When I look back over my 40-plus years in this industry, I realise there never was a time when we had stability and certainty.
Listed, as I remember them, in no particular order, the events include the Turkish invasion of Cyprus, the three-day week, the miners’ strike, the Falklands war, the bombing of Libya by the Americans, the oil crisis, two Gulf wars, the Lebanese civil war, foot and mouth disease, 9/11, the ash cloud, Sars, Ebola, Isis, terrorism and the migration crisis – and these are just the external factors affecting our businesses.
There have also been our industry’s own internal crises to contend with: the collapses of Court Line, Laker, ILG, XL and Lowcost Holidays, among others. Plus, there have been the regulatory and economic impacts: the birth of the Atol system, the Package Travel Directive, VAT on Toms, and more.
On top of this we’ve had the banking crisis, the economic slumps and booms, and now Brexit.
Yet these events, significant though they have been, have only been hiccups in the exponential growth of travel.
It’s the innovations in our industry that bring about a step change in how we work. Following the liberalisation of European airspace earlier this century, the no-frills carriers – aided by massively increased internet use – took the industry by storm, all while nobody was looking.
Suddenly, the public were in control of the booking process and the traditional players were forced on to the back foot. Technology companies now dominate the marketplace, affording the travelling public enormous choice and the tools to self-package.
The aim of this week’s Abta Travel Convention in Abu Dhabi is to prepare and inform us about what may lie ahead so that we can plan.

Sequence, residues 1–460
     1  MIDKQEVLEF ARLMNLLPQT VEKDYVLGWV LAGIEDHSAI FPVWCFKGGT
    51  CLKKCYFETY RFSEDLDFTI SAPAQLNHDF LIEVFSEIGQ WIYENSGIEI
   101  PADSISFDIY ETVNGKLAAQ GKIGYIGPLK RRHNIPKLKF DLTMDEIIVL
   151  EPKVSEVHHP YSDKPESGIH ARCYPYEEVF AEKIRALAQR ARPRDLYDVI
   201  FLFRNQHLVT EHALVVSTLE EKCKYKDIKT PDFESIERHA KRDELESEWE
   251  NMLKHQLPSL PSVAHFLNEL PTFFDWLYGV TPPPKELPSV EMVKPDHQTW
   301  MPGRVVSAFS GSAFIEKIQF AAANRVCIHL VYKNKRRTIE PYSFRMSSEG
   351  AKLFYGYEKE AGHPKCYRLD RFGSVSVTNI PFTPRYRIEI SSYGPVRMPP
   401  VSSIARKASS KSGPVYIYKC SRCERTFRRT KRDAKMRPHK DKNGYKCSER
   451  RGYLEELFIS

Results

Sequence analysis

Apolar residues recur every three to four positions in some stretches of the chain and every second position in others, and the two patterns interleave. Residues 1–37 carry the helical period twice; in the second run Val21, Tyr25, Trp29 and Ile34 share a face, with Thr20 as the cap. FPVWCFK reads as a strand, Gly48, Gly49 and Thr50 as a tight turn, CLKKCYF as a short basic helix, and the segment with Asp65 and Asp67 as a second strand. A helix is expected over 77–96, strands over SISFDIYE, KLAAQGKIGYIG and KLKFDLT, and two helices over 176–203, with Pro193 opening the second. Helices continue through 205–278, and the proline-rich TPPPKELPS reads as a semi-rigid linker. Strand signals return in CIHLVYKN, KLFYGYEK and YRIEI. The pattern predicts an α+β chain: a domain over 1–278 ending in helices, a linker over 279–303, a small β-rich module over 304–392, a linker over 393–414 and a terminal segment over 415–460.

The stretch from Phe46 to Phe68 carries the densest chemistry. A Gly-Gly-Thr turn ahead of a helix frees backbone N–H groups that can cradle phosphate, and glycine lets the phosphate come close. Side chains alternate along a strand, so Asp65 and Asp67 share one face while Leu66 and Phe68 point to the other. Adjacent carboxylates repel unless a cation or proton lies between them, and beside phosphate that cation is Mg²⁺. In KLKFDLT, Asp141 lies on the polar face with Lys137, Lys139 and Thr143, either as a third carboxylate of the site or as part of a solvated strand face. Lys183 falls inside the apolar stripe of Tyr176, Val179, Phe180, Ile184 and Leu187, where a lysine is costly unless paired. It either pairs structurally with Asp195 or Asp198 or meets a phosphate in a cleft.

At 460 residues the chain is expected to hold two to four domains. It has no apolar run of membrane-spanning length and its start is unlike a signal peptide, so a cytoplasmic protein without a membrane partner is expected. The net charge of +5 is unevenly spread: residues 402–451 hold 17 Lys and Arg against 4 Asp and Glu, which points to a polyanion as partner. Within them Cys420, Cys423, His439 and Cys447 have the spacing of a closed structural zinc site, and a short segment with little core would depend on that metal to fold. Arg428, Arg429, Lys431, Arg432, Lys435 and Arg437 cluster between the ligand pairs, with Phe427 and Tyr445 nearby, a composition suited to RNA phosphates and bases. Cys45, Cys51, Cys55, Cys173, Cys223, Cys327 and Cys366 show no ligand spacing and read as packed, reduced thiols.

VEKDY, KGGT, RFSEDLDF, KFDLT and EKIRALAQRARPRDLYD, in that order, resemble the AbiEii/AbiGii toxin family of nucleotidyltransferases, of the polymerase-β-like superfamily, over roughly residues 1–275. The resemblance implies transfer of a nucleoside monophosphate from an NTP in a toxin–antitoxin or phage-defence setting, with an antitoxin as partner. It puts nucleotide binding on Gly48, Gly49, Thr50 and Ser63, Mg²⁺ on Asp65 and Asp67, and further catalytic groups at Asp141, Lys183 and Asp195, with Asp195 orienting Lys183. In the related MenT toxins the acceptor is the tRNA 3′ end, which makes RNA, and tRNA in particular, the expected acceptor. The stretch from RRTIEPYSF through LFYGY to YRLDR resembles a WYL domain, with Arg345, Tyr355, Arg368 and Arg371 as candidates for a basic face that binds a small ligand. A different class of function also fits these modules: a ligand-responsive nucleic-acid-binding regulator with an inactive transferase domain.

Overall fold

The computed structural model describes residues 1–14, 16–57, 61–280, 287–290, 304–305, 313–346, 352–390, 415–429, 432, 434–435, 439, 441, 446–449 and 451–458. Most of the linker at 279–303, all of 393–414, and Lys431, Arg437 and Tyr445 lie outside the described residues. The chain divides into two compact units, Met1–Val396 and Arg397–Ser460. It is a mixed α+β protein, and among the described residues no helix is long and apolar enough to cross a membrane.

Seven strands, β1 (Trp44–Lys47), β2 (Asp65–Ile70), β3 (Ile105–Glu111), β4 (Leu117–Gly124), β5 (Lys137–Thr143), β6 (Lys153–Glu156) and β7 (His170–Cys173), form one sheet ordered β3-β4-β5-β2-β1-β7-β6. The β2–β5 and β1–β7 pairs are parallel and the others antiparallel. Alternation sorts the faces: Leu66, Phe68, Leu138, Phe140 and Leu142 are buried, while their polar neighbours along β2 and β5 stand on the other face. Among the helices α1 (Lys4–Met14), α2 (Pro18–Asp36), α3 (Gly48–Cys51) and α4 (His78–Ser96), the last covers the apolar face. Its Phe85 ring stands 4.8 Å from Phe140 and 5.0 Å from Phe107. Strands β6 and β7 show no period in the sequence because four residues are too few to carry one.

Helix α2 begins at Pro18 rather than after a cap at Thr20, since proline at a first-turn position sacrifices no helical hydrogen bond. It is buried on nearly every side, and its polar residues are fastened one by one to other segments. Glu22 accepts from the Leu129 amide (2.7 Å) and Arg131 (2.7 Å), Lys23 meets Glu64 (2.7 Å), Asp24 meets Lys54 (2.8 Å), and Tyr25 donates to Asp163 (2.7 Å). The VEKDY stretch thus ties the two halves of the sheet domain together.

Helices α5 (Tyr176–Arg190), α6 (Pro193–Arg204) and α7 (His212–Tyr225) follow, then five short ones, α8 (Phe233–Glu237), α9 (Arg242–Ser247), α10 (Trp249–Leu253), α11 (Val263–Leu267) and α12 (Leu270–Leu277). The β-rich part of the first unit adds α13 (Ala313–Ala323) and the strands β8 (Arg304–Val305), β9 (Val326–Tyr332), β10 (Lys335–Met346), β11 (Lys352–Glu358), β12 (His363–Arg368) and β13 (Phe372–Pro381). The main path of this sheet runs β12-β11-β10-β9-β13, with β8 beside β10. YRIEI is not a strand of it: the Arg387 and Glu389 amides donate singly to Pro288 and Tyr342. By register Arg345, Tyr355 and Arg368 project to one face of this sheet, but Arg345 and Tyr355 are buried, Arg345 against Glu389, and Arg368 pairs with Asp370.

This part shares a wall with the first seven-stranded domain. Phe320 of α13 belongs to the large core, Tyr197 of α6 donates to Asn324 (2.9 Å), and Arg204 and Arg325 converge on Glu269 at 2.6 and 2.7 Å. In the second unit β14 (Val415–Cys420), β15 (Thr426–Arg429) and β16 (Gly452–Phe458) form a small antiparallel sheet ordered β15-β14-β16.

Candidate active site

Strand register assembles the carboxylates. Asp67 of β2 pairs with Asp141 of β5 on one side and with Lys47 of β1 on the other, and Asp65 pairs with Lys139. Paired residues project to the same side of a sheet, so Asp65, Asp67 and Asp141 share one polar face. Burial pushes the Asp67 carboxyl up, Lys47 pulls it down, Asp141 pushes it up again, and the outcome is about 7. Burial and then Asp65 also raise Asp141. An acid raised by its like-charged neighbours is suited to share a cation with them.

Yes, some time will be spent on issues that currently occupy our minds. But we will spend far more time looking ahead – looking at trends and questioning how we need to position ourselves to cope with the innovations of the future that will once more throw the industry into turmoil.
It is not a question of if the next innovation will arrive, but when, and how swift the impact will be.
We will all doubtless be buying electric cars in the next five years, and it’s quite clear that space travel is just around the corner – but what will the consumer of the future be like?
What will those aged 80 to 100 want to do on holiday? How will he or she wish to travel? Will the future still belong to the cruise industry? Will people be able to afford to travel or will the virtual world, in which more and more young people seem to live, prove more popular, satisfying and realistic than the ‘real thing’? Will we need aircraft or will we be teleported to our destinations and, if so, what role can the travel agent or tour operator play?
It will indeed be a brave new world, and the path to it will have winners and losers. The Travel Convention in Abu Dhabi may just help give you the competitive edge that makes the difference.
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